Graduate students discuss mentors

This week, students at the Graduate School of Arts and Sciences will participate in forums to talk about the quality of faculty-student mentoring at Yale, as the second annual Mentoring Week kicks off.

Since experiences with mentoring across the graduate school tend to vary from extremely positive to somewhat hands-off, Elizabeth Kim GRD ’10 said, the event aims to foster discussion about how to improve advising across the board. The week will feature a talk and two panels centered around issues of mentoring in specific departments, said Kim, one of the event’s organizers.

“We were looking for a way to highlight positive mentoring,” Kim said. “We wanted to get out the word that there are general philosophies that good mentors seem to share.”

Mentoring Week will begin with a happy hour on Tuesday at the Graduate and Professional Student Center at Yale, which will serve free drinks to graduate students from 8 to 10 p.m. Kim said the Graduate Student Assembly hopes the informal atmosphere will spur discussion among students about their mentoring experiences. Throughout the rest of the week, there will be a speaker in comparative literature and a panel each in psychology and computer science.

Kim said mentoring generally comes from a student’s designated adviser, who she said can make or break a graduate experience. In addition to their official bureaucratic role of monitoring a student’s progress, mentors also guide student research and dispense personal and professional advice, she said.

Susan Nolen-Hoeksema, who won the 2007 Graduate Mentor Award, said good mentoring is critical for graduate students.

“It’s not just a relationship between two people but it’s a conversation we’re having as an institution about what makes good mentoring,” Nolen-Hoeksema said.

She added that she thinks Yale’s mentoring is relatively good, though its strength varies across departments and across individuals.

Mentoring styles vary, Kim said, depending on the individuals involved and the dynamic between them. Some pairs meet every week, while other mentors rarely speak with their students unless contacted first. Part of mentoring week, she said, is teaching students strategies to tailor their mentoring experiences to their specific needs.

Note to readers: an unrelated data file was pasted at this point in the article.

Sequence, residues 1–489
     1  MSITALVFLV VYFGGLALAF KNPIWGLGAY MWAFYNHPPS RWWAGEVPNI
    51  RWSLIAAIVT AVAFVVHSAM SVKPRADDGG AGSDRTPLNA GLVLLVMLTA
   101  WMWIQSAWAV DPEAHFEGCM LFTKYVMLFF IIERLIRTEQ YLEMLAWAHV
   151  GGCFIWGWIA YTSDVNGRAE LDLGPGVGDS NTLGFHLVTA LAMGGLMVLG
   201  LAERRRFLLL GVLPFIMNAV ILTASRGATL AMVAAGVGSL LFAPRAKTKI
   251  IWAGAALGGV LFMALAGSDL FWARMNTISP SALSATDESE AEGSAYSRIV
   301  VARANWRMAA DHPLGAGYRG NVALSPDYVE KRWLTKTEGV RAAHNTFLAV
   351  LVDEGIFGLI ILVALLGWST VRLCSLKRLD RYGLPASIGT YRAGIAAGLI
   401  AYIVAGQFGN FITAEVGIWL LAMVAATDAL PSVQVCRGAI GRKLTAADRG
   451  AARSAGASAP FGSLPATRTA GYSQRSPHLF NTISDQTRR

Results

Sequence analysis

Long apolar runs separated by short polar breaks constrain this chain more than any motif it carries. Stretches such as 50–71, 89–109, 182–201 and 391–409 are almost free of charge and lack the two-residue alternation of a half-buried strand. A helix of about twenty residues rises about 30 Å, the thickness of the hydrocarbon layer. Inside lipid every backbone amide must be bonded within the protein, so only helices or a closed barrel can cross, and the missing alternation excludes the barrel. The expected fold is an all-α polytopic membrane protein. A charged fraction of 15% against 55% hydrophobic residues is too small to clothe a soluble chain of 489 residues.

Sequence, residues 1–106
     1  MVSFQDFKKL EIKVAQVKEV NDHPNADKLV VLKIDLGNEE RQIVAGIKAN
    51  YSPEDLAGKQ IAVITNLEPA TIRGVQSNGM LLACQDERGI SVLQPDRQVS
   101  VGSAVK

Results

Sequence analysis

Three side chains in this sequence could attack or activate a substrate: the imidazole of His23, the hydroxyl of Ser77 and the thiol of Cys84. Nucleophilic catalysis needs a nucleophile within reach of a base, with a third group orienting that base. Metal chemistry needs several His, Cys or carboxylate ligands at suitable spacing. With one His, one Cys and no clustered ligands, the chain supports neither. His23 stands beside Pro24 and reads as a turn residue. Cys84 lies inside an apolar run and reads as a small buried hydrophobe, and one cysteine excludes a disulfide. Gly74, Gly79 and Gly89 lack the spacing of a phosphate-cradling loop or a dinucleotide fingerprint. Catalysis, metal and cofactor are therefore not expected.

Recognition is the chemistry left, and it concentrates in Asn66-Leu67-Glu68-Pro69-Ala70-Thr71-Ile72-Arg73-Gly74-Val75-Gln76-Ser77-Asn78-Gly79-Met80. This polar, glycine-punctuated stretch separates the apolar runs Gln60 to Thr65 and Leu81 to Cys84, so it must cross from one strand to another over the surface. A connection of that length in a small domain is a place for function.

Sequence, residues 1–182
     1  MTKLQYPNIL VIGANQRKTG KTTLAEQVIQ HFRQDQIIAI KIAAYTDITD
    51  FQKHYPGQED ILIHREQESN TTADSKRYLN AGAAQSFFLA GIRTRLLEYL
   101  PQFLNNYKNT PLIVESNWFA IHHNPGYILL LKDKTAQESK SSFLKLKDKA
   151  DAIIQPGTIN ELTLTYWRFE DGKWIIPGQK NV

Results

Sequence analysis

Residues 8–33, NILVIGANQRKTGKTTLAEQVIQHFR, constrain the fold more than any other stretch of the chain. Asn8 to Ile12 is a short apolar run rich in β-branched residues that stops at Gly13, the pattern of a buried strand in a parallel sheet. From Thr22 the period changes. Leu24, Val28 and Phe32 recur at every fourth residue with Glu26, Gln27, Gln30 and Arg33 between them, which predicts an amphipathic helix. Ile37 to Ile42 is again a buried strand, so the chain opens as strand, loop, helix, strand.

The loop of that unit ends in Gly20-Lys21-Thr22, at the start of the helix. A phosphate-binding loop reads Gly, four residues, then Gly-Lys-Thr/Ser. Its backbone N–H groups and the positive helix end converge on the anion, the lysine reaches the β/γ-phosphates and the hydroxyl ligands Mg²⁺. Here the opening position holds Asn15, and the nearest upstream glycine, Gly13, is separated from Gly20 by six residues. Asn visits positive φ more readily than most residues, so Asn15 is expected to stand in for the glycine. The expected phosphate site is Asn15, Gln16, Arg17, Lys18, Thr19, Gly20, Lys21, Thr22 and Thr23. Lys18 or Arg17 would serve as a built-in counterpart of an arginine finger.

Additionally, she said the discussions are supposed to encourage current graduate students to think about how they will mentor younger students when they take a faculty position.

“We’re hoping mentoring will become better all over the world, and part of that concern is making good [mentors],” Kim said. “We’re hoping that the crappy mentors will feel guilty and pressured to improve.”

The first Mentoring Week was in October 2007, after Graduate Student Assembly members heard numerous student complaints about bad mentoring, Kim said. But this year’s events are slightly different, focusing instead on specific fields that are intended to represent broader disciplines such as the humanities or social sciences, she said.

Both she and Graduate School Dean Jon Butler attributed this difference to the fact that mentoring needs and styles can vary widely across fields.

“What you say to someone in French doesn’t necessarily apply to someone in physics,” he said. “And what you to say to someone in physics doesn’t necessarily apply to someone in microbiology.”

Butler said the purpose of Mentoring Week is to improve Yale’s deficiencies in mentoring, adding that the University is not alone in needing to improve such programs. Next year, he said he hopes to ramp up Mentoring Week by expanding the number of events.

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